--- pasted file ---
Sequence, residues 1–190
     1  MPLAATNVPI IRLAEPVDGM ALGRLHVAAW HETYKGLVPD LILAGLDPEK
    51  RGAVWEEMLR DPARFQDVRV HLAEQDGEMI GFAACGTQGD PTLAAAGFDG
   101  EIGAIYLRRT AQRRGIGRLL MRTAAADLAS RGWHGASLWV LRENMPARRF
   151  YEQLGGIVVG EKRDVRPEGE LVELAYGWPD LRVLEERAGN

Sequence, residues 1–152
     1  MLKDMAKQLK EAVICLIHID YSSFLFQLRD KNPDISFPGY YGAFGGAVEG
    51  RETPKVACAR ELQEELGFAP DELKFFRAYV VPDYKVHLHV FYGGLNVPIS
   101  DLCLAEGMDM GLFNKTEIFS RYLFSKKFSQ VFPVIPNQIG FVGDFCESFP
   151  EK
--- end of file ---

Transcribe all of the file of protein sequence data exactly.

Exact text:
Sequence, residues 1–190
     1  MPLAATNVPI IRLAEPVDGM ALGRLHVAAW HETYKGLVPD LILAGLDPEK
    51  RGAVWEEMLR DPARFQDVRV HLAEQDGEMI GFAACGTQGD PTLAAAGFDG
   101  EIGAIYLRRT AQRRGIGRLL MRTAAADLAS RGWHGASLWV LRENMPARRF
   151  YEQLGGIVVG EKRDVRPEGE LVELAYGWPD LRVLEERAGN

Sequence, residues 1–152
     1  MLKDMAKQLK EAVICLIHID YSSFLFQLRD KNPDISFPGY YGAFGGAVEG
    51  RETPKVACAR ELQEELGFAP DELKFFRAYV VPDYKVHLHV FYGGLNVPIS
   101  DLCLAEGMDM GLFNKTEIFS RYLFSKKFSQ VFPVIPNQIG FVGDFCESFP
   151  EK